Malacañang not dismissing suggestion to return Dengvaxia vaccine to the market

MALACAÑANG ON Wednesday said it is open to the suggestion of former Health secretary and now Iloilo 1st District Rep. Janette L. Garin to make the controversial Dengvaxia vaccines available to the public to help curb the increasing dengue cases nationwide. “We are always open to anything that will benefit the Filipino people. We are not closed to any suggestion,” Presidential Spokesperson Salvador S. Panelo said in a media interview at the Palace on Wednesday when sought for comment. He added that there is still a need to conduct an “extensive” investigation on the alleged Dengvaxia vaccine-related deaths. “We need to investigate exactly the situation involving Dengvaxia,” he said. Health Secretary Francisco T. Duque III, during a visit to Iloilo last week, told the local media that the Department of Health (DoH) is not considering just yet a possible revival of the controversial Dengvaxia vaccination program. “We need to study the recommendation… because there is no specific test that would exactly prove that a person has been infected by dengue,” he said. He emphasized that risks should be balanced with many other factors, noting that those who can benefit from the Dengvaxia vaccine are only those with prior exposure to the dengue virus. Mr. Duque explained that the available dengue test “cross-reacts” with other viruses like Chikungunya and Zika virus. “Remember the test cross reacts with other viruses, so it could be Chikungunya, Japanese encephalitis, it could be Zika virus, and I heard it cross reacts with measles virus. So having said that, if it is positive, you are not sure if it’s positive of dengue virus,” he said. The DoH’s Dengvaxia vaccination program has been cancelled and the vaccine banned in the Philippine market since last year following allegations of related deaths among children who received the vaccine. — Arjay L. Balinbin

TESDA-certified service providers can now be hired online

GRADUATES OF trainings certified by the Technical Education and Skills Development Authority (TESDA) can now be hired through the website, which was formally launched Tuesday. Among the services available are basic housekeeping and cleaning; carpentry; and massage therapy. In a statement on Wednesday, TESDA said its National Institute for Technical Education and Skills Development “developed 911TESDA as a free web-based linking program that aims to provide employment opportunities for certified graduates of technical vocational education and training (TVET), and deliver skill-service needs of individuals, households and enterprises.” TESDA said their partner digital service platforms anticipate demand for service providers this year to be as high as 11,425. As of July 26, more than 2,000 national certificate holders have already registered in the system. The 911TESDA services are initially available in the following areas: Metro Manila, Bulacan, Palayan City in Nueva Ecija, Batangas, Rizal, Cavite, and Laguna. By next month, TESDA plans to expand these services to the cities of General Santos, Koronadal, and Davao. — Gillian M. Cortez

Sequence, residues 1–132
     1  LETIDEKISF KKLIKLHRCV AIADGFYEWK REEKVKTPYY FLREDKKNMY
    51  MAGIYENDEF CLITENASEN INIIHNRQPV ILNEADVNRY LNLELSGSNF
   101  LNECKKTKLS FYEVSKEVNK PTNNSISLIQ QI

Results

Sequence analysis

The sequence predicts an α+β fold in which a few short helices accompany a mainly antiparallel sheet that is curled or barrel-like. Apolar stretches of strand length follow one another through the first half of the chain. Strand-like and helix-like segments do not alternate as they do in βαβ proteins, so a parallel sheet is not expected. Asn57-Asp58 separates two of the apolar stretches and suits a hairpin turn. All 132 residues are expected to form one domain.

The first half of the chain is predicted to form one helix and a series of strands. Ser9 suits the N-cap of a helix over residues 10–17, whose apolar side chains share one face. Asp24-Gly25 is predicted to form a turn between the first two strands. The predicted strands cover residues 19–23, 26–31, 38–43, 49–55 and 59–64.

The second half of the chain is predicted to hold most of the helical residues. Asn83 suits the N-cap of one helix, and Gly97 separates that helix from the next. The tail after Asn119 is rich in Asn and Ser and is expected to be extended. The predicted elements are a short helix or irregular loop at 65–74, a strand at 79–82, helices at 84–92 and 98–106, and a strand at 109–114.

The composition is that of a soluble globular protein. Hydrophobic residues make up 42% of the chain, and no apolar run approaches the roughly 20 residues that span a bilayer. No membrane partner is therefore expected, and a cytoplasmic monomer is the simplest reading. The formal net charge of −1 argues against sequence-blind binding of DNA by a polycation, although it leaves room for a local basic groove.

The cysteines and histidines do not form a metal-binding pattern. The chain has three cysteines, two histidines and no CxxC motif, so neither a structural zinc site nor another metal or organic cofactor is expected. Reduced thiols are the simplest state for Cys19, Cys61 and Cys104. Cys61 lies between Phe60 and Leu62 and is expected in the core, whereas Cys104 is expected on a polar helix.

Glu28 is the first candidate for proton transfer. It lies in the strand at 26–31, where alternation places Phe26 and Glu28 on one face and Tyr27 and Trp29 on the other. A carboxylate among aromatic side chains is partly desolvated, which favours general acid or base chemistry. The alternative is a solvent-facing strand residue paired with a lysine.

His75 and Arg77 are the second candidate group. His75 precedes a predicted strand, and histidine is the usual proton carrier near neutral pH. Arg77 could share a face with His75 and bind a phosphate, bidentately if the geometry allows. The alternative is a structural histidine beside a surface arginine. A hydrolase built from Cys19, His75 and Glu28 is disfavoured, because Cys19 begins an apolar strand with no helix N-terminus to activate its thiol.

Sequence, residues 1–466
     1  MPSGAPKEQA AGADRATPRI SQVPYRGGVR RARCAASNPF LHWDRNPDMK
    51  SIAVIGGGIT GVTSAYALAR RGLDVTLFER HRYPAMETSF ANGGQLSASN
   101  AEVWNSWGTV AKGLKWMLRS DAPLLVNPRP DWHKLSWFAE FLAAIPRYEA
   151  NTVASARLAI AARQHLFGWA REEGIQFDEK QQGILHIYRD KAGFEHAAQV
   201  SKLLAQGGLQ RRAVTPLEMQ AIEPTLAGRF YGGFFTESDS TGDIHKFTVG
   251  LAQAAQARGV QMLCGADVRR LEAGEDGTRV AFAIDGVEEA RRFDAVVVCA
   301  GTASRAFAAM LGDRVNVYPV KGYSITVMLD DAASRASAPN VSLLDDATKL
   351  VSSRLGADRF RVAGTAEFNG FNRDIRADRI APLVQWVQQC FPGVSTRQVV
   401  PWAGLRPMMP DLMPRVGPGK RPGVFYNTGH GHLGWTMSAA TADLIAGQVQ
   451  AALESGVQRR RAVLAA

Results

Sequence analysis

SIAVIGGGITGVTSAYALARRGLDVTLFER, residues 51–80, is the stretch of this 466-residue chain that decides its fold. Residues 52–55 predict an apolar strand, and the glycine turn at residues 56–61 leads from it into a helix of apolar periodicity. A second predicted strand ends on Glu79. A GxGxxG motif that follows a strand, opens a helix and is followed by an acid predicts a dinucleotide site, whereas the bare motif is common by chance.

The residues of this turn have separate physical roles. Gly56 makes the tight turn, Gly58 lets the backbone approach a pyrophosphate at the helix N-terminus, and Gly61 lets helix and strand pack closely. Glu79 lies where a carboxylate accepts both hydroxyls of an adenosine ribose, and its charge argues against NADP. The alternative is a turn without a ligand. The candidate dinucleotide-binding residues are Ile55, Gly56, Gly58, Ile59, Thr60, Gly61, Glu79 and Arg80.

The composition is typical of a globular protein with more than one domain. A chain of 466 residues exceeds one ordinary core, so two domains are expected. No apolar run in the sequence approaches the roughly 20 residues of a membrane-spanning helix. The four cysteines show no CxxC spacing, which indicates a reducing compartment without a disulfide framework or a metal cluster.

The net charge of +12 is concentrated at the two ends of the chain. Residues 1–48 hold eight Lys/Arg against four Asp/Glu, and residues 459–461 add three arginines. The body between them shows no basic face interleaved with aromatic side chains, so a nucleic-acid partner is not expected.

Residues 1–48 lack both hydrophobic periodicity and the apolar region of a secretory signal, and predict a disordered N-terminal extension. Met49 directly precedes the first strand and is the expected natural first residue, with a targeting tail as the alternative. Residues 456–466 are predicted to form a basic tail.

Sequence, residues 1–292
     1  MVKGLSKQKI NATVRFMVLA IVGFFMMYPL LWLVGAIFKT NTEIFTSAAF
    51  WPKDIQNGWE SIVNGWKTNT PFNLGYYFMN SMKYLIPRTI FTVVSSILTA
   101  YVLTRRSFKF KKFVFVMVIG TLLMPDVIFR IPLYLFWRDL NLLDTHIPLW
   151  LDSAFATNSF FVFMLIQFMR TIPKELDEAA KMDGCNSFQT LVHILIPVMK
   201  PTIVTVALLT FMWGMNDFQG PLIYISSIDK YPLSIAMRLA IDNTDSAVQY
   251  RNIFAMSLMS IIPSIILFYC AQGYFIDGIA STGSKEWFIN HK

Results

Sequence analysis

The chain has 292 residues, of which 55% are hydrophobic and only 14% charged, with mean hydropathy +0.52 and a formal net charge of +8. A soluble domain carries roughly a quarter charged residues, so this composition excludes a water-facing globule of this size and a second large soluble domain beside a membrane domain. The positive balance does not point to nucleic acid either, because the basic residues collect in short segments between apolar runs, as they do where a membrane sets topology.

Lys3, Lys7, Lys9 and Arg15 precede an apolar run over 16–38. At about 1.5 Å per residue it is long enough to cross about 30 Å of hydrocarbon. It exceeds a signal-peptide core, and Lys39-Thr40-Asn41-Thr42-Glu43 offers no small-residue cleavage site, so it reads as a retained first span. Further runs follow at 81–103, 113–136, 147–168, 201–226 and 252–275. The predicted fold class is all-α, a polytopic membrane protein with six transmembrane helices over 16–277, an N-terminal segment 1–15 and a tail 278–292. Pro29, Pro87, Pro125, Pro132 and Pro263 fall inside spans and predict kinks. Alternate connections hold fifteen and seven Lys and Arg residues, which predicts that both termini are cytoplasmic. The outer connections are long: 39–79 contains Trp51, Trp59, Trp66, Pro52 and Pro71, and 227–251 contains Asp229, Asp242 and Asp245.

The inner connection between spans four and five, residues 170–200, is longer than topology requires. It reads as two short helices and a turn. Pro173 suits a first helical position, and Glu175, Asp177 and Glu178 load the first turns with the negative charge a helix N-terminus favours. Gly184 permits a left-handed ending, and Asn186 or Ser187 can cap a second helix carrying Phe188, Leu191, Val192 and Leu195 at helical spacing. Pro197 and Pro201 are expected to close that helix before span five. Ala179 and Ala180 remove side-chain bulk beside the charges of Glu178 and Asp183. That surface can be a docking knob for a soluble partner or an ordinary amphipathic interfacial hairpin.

Leonen to propose computerized Bar exams, other reforms

ASSOCIATE JUSTICE Marvic F. Leonen said he intends to propose reforms in the Bar examinations in 2020, including the possibility of conducting computerized testing, which would allow for more than one venue. He also plans to propose a simple “pass or fail system” in viewing the exam results. Mr. Leonen, chairperson for the 2020 Bar examinations, also wants to have all Bar question and suggested answers submitted in the past 40 years be uploaded in the Supreme Court website. “We want the bar to simply be a qualifying exam. It is not an exam to find out the most brilliant of lawyers, it is only an exam to add into our ranks the lawyers that deserve to practice,” he said during the Legal Education Board Summit held in Manila. The annual Bar examinations, conducted through hand-writing, are held in four Sundays of November at the University of Santo Tomas. — Vann Marlo M. Villegas

DILG reports 86 cities now have smoke-free ordinances

THE DEPARTMENT of Interior and Local Government (DILG) reported that 86 cities in the country have already passed smoke-free ordinances since the President issued Executive Order No. 26 two years ago. “Smoke-free means 100% free from tobacco smoke, where it cannot be seen, smelled, sensed or measured,” DILG Undersecretary Jonathan E. Malaya said in a statement on Wednesday. There are 145 cities in the country, according to Philippine Statistics Authority data. DILG also reported that 48 cities have designated smoking areas in their respective localities while 65 cities have created smoke-free task forces that ensure compliance to smoke-free policies. — Vince Angelo C. Ferreras